Five Reasons Your Digital Experience Management Strategy Could Fail
You can be sure your CEO has digital experience on his or her radar. According to Gartner’s 2017 CEO Survey, CEOs are more focused this year on how technology and product innovation drive company growth. In the last few years of Gartner’s CEO survey, technology has never ranked so high on the list of CEO priorities. So the pressure is on IT to deliver excellent digital experiences. But this is easier said than done. Here are five reasons why your digital experience management strategy could fail.
1. Application complexity
Although Gartner’s survey shows that CEOs are relying on technology to drive growth, it also shows that they rank technology impediments as the #2 internal constraint to growth. How can technology be both a driver of growth and an impediment to it? Application complexity is one major reason. Application performance management is more challenging than ever before.
- Applications must scale based on demand and remain highly responsive 24/7 across geographies. Innovative applications interact with legacy applications, so IT must support the full portfolio—web, mobile, apps running in the cloud, on virtual infrastructure, and legacy client-server environments.
- End users and customers no longer interact with static applications at discrete times. They interact continuously with applications whose architectures have evolved to become modular, distributed, and dynamic.
2. The expanding population of end users
End User Experience Management is also more complex. Customers aren’t the only ones whose digital experience matters. The Gartner definition of Digital Experience Monitoring also includes employees, partners, and suppliers. If that weren’t enough of a challenge, the advent of IoT requires IT to ensure an excellent digital experience for machines as well!
3. Different teams have different goals
According to a recent EMA Digital Experience Management report, 59% of enterprise leaders agree that IT and the business share the responsibility for Digital Experience Management. Although they share responsibility for ensuring excellent digital experience, groups within IT and the business have specific needs which vary greatly, depending on their roles.
- Business executives must ensure they meet goals for revenue, customer satisfaction, and workforce productivity.
- IT executives need to staff their teams efficiently to architect and support digital business initiatives, ensure technology investments are made appropriately, and hold IT vendors accountable to SLAs that meet customer objectives.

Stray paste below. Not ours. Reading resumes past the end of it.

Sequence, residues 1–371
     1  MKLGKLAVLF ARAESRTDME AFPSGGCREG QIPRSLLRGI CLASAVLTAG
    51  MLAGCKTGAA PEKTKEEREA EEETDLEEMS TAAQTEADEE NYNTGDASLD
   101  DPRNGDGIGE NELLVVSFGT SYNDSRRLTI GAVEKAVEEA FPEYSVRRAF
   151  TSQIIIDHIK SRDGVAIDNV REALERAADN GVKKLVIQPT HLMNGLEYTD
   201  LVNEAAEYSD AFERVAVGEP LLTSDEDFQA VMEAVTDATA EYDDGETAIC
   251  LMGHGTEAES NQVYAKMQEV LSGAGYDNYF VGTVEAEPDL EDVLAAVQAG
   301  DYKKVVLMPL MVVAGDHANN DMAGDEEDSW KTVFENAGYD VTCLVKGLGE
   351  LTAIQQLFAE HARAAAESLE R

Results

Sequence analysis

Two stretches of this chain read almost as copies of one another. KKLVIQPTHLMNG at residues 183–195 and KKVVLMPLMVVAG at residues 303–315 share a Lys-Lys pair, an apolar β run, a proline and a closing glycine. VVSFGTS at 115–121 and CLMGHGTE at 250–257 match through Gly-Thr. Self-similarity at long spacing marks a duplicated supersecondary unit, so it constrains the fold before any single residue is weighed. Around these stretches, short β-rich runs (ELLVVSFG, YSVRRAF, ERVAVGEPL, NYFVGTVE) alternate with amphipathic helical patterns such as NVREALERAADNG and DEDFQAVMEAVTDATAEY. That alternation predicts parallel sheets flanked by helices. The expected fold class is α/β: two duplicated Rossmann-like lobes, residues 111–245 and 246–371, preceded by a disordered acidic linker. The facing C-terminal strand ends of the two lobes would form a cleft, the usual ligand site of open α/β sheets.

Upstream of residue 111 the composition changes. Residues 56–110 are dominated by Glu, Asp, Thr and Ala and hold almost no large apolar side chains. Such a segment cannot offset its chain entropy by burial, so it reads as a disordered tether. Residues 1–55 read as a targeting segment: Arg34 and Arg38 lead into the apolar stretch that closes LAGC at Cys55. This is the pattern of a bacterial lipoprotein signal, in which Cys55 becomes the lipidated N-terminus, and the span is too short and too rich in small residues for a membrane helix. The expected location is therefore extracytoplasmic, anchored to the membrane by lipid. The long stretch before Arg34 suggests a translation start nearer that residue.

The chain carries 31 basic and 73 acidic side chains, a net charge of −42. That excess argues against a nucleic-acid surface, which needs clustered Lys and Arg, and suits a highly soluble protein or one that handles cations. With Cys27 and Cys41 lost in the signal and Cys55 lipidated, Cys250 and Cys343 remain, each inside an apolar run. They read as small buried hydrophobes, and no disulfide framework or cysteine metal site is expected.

- IT and Network Operations teams must ensure the network and infrastructure can support new services, identify and resolve issues quickly, and understand the impact of problems on digital experience.
- DevOps teams must release new apps and digital services quickly, identify and resolve issues in test and QA, and ensure excellent application performance perform in real-world environments.
- Cloud architects need to plan, design, and implement the infrastructure to support new services, and scale up and down as demand changes.
- End User Services teams require visibility into the digital experience of customers, employees, partners, and suppliers to identify and triage issues before users call to complain.
4. A variety of analytics are required to measure success
“You can’t manage what you can’t measure.” Management expert Peter Drucker’s famous saying applies equally well to tracking the success of a Digital Experience Management initiative. With varying responsibilities, each group in IT and the business requires different metrics and analytics to indicate their progress in achieving their Digital Experience Management goals.
Digital Experience Monitoring tools must therefore supply a broad set of business and technical analytics, such as application performance, network performance, infrastructure capacity analysis, and end user productivity across the extended enterprise.
5. The IT monitoring visibility gap
As IT organizations respond to CEO priorities and roll out new services to drive growth, they need a cross-domain understanding of applications, the networks and infrastructure on which they run, and the impact they have on end user experience.
But the typical enterprise has from 4-15 different network monitoring tools, which complicates troubleshooting, change management, and other aspects of service level management. While these tools provide insight into the performance and availability of their particular domain, they lack visibility into the actual digital experience of customers, the workforce, partners and suppliers.
Addressing Digital Experience Management challenges
An effective Digital Experience Management approach closes this visibility gap and enables you to measure the end user experience of the entire population of end users. Each group within IT and the business gets the metrics and analytics they need to ensure a successful digital experience outcome.
When it comes to meeting or exceeding your CEO’s expectations for driving growth, the key is to ensure you have an effective Digital Experience Management strategy. Failing to do so could mean lost revenue, lost productivity, and even irreparable damage to a company brand. In the next few weeks, we’ll extend this Digital Experience Management series to show you how Riverbed SteelCentral can help.